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Tuesday
Sep162014

An Evening With Patty! (Also "Maze Runner," Something Something?)

Patty Clarkson last night in NYCLast night I attended Teen Vogue's Maze Runner screening and though I'll be writing it up for my gig at Towleroad later this week, I must share with you, my devout fellow actressexuals and the only ones who will understand, that I made the night all about Patricia Clarkson.

I didn't even realize she was in the movie until she was there at the reception and I was powerless to stop myself from beelining straight toward her while the other guests of the studio and fans (who presumably won a contest or something?) spent the evening squealing about Dylan O'Brien who plays "Xander" excuse me... "Stiles" on Teen Wolf, the only non-supernatural teen on that very popular show, now officially run by dadaists. (Yes, I still watch it but it doesn't make a lick of sense anymore... not just from episode to episode but within something as easy to manage as a one hour block! It's like they're just making it up as they film. Each scene!).

I've met the great actress twice before at events and she is an absolute delight one-on-one, super funny, gorgeous, and above-all charismatic, kind of like her 1950's social butterfly "Elle" from Far From Heaven (2002) without, you know, the nasty betrayals and the constant subtly racist/anti-semitic/homophobic shade-throwing. She joked about wishing her latest director was 20+ years older so she could date him ("is your father single?" LOL) and was still obviously high off the reception of her starring role in Learning To Drive in which she takes driving lessons from Ben Kingsley. In a surprise turn of events that two-hander nearly nabbed the People's Choice Award from The Imitation Game in Toronto as first runner up. The film hasn't been picked up yet that I'm aware of but given the crowd-pleasing response at the festival (sadly, I was not part of that crowd as it slips through the cracks of my 25 screenings) someone really ought to. I mean, David Poland is smart about these things.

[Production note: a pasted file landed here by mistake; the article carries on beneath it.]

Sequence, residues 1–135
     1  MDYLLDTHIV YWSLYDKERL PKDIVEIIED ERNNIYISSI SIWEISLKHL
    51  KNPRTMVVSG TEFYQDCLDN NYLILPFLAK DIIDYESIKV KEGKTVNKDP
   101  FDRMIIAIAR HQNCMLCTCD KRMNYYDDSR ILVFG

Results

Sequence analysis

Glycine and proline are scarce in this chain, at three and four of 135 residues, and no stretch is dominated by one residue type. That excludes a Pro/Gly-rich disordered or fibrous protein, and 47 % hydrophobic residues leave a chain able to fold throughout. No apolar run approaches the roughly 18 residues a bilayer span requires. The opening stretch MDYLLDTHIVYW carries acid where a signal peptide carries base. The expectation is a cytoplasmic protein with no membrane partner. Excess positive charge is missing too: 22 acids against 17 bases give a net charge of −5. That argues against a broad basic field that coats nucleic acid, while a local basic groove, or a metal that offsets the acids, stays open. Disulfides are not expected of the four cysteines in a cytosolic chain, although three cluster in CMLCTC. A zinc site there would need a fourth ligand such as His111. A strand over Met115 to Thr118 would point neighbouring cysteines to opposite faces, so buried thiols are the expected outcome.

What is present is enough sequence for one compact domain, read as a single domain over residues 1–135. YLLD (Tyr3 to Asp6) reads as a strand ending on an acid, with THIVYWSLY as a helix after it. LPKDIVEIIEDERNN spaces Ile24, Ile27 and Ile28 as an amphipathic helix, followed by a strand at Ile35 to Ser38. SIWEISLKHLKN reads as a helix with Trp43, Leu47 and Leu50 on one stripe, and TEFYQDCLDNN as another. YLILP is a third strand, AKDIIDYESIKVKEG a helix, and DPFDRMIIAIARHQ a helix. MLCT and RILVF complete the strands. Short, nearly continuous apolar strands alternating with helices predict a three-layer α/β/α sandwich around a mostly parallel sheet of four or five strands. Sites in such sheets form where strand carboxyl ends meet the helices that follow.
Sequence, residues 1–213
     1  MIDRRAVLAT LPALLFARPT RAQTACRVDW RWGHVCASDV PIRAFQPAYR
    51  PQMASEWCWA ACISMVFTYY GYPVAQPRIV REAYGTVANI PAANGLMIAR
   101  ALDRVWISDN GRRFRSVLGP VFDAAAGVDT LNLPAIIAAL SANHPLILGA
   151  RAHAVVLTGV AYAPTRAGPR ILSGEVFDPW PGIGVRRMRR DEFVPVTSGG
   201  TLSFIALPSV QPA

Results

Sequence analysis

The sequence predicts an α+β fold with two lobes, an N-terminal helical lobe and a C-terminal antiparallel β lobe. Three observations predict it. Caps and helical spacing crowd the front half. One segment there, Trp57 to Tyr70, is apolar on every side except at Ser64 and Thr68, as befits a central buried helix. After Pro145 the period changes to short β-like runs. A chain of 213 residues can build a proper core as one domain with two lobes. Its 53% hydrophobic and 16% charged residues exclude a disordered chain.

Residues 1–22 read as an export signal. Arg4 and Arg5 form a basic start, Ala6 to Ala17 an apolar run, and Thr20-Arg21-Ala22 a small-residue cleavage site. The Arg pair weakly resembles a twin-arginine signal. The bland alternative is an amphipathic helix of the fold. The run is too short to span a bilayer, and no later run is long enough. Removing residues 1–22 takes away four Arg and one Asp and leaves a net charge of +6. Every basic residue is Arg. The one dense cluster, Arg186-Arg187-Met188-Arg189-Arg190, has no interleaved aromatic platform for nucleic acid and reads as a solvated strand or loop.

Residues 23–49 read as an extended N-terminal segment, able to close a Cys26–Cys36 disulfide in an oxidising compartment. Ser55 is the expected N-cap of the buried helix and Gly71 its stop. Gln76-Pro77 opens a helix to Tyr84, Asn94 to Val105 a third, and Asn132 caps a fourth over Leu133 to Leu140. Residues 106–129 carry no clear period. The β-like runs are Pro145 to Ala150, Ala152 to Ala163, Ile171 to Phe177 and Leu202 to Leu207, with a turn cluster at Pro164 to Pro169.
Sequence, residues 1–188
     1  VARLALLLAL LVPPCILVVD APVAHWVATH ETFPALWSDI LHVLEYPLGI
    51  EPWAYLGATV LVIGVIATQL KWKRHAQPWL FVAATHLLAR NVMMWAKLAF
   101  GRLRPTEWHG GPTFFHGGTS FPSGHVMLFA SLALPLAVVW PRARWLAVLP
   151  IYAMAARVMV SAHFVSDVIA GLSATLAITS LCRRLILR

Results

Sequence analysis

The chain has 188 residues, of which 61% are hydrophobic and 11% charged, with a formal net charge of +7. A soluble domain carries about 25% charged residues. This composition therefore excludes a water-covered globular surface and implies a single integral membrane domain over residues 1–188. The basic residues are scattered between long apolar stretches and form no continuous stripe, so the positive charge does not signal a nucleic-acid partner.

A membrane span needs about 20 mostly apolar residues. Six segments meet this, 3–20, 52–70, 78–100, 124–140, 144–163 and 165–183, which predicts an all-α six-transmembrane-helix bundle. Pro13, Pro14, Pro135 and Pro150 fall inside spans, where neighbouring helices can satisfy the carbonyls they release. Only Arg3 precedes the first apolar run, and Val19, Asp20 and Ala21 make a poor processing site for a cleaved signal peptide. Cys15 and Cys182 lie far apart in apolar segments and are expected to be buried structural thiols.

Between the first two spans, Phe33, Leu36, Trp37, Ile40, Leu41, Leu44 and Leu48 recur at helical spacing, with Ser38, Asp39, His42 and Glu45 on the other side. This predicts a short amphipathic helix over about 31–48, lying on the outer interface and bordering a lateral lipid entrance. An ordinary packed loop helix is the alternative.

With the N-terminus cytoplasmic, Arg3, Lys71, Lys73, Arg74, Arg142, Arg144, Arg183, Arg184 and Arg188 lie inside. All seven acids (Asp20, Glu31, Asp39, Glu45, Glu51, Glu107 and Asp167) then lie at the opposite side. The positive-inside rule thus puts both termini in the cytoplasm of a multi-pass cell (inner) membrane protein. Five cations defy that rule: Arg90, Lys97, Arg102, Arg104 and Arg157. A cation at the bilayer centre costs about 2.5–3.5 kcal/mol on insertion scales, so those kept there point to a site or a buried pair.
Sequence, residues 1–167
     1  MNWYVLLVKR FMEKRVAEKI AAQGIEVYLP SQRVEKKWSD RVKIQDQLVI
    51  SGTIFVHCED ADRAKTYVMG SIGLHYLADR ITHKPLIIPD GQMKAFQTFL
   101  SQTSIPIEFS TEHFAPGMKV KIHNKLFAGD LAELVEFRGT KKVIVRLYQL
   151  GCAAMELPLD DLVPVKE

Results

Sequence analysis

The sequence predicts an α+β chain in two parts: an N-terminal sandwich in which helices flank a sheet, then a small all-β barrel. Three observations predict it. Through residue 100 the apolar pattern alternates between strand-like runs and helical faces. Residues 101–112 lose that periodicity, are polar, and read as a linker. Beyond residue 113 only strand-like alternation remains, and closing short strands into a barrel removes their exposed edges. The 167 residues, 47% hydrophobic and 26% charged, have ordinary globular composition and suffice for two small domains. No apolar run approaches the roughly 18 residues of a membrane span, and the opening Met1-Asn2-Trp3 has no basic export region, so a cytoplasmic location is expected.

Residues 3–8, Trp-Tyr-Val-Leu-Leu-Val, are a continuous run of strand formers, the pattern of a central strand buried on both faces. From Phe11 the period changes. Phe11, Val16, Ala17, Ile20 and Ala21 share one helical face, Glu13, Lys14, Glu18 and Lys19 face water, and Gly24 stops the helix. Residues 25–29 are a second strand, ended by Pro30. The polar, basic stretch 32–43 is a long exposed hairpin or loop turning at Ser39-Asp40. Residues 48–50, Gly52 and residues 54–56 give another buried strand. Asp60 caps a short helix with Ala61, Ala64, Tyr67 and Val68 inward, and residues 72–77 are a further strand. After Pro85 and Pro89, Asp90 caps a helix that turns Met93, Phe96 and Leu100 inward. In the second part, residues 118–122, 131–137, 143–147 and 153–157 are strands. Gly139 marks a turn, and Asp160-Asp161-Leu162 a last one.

Is Hollywood listening?

P.S. Can we get Patty back in key supporting roles in prestige pieces where she once regularly cropped up, please? It's a real shame she only has one Oscar nomination to her name, despite deserving at least three (High Art, Far From Heaven, Dogville).

 

 

Tuesday
Sep162014

Amir Sat on a Branch Reflecting on TIFF

Amir here, looking back at the Toronto Film Festival that recently wrapped up.

"Girlhood," superior to Boyhood and one of the best of TIFF 14

You may have noticed that after a few years of covering the festival to various degrees for The Film Experience, I was completely absent from this space for the past ten days, mostly because of a personal decision to enjoy the films without sweating over writing. TIFF is a big festival, maybe the most frantic and hectic in the world, with more choices than one can physically experience over ten days. Nathaniel and I shared so few films from the program’s sprawling lineup, we could have each written about every single thing we saw and you’d never know we attended the same festival. It’s this overwhelming scale that made me want to take a break from reporting, and yet, I feel unsure about how that affected my festival experience.

Writing about films for me is a passion born out of the necessity to articulate my thoughts on the things I watch. Maybe that process of writing makes the films more memorable? Isn’t it so that writing, even about bad films, makes us appreciate good cinema all the more? Without recording my memories, details about this year’s films have fled my mind quicker than ever. My feelings about some of them have been diluted a bit, too. There is something missing, even though I had the best festival experience of my life, meeting more people than ever and watching some terrific films. Maybe this pessimism is just a withdrawal symptom. Let’s stay positive!

As has become something of an unplanned tradition for me – with precedents including Oslo, August 31st and Closed Curtain – my favorite film of the festival came my way on the last day.

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"The Look of Silence" will be in theaters next summer